Archive - Jan 2013

Archive - Jan 2013

January 30th

Virginia House Committee Approves School CPR Bill

RICHMOND--Gwyneth Griffin collapsed on her middle school track after a congenital heart defect caused her to go into cardiac arrest, her mother, Jennifer Griffin, told the House Education Committee this morning.

Through tears, Griffin described how her 13-year-old daughter may have survived had she received CPR sooner. But by the time her father, who just happened to be at her Stafford school that day, got there, her brain had been without enough oxygen too long.

Ever since the incident last summer, the Griffins have been pushing for passage of “Gwyneth’s Law” requiring CPR training for bus drivers, teachers and students and placement of an automated external defibrillator in every school.

A Save on the Slopes

ATTITASH, NH – On Sunday, December 30, 2012, Brad Boehringer decided to go skiing at the Attitash Mountain Resort to celebrate the end of a great year. Boehringer is an avid skier and enjoys hitting the slopes when he has time off from his job as a flight nurse. He is also a member of the local rescue squad and as such is always sure to call his friends on the ambulance when he goes out on the slopes in case any extra help is ever needed. Little did he know that his phone would be ringing just seconds later.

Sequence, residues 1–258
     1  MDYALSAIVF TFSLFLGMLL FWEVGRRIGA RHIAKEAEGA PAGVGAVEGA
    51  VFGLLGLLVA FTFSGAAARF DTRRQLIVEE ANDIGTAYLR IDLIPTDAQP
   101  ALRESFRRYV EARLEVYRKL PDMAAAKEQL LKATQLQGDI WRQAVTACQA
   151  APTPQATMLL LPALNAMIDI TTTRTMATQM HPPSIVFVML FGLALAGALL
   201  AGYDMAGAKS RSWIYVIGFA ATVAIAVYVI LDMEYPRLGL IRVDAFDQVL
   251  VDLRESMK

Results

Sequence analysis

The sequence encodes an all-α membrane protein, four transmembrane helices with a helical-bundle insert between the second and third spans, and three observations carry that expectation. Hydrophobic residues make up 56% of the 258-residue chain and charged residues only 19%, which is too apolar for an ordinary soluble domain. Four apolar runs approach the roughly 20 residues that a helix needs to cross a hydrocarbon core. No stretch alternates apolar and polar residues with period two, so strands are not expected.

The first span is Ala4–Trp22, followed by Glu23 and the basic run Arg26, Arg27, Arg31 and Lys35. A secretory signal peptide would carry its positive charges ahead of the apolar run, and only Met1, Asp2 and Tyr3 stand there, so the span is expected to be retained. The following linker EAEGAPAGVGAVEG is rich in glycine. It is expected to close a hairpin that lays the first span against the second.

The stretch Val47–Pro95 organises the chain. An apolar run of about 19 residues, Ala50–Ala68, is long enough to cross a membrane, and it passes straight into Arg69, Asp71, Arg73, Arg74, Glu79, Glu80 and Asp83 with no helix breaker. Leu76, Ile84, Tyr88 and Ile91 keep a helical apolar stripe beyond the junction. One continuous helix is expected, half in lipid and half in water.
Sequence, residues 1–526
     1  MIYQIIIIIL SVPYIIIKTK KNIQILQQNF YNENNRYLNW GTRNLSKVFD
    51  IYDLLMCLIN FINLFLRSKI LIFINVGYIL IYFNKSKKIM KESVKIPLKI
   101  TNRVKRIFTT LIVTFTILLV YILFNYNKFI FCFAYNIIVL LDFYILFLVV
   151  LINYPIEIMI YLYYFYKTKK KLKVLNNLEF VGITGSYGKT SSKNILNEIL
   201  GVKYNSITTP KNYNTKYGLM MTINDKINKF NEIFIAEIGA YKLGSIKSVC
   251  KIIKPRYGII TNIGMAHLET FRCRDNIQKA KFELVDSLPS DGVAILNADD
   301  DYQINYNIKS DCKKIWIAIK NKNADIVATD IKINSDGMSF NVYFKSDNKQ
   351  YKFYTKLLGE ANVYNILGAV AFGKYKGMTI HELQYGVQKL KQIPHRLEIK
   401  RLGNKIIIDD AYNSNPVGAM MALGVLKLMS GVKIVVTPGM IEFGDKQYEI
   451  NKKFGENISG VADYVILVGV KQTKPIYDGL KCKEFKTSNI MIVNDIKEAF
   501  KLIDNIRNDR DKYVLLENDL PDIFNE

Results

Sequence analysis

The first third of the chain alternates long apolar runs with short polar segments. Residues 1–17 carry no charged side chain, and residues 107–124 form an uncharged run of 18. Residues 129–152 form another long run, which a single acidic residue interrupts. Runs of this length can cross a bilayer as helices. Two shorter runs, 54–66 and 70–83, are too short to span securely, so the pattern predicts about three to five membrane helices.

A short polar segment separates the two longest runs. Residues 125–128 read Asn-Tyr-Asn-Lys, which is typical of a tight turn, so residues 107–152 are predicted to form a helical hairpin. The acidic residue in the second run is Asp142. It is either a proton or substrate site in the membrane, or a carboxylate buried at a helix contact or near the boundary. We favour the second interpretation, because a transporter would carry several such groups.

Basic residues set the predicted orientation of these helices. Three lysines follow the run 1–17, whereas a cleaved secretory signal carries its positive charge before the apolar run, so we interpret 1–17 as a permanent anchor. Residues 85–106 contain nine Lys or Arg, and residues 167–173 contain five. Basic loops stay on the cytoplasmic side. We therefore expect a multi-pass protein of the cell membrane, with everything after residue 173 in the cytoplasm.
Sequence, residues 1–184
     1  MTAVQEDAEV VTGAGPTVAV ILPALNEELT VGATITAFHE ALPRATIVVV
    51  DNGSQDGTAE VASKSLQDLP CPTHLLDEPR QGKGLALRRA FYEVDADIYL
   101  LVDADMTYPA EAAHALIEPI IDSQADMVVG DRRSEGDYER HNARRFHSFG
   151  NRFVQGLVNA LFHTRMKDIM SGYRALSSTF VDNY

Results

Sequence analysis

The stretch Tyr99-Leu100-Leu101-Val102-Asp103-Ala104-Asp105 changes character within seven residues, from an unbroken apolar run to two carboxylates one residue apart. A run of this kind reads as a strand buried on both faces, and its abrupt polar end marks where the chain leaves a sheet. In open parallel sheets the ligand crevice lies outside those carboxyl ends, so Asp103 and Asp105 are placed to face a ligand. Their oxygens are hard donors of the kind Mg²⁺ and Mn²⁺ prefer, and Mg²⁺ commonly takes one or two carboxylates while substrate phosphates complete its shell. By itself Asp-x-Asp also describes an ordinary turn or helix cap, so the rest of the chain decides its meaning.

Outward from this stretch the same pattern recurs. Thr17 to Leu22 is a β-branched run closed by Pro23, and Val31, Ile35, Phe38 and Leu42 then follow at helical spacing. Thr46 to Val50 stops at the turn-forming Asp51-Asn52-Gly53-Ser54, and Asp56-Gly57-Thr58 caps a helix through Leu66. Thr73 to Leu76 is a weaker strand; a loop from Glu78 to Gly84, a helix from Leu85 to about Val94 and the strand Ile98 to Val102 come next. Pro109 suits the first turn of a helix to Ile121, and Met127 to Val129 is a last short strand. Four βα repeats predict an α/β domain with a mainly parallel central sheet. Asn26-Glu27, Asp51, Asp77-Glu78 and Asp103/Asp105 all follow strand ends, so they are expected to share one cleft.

January 28th

University of New Hampshire Student Survives Cardiac Arrest

DURHAM — A University of New Hampshire student's life was saved Saturday evening when trained staff at the Hamel Rec Center and emergency response personnel were able to revive him after he went into cardiac arrest.

January 27th

Most ICD Patients Prefer Device Deactivation If Very Ill

NEW HAVEN, CT--ore than two-thirds of patients with implantable cardioverter-defibrillators (ICDs) would want their device turned off under some circumstances, such as permanently impaired memory or having an incurable disease, suggests a survey analysis published online today in JAMA Internal Medicine [1].

A surprising number of the survey's respondents had a poor grasp of their device's potential benefits or its potential downsides, note the authors, led by Dr. John A Dodson (Yale University School of Medicine, New Haven, CT).

January 24th

South Carolina Bills Would Require CPR Training by High School Graduation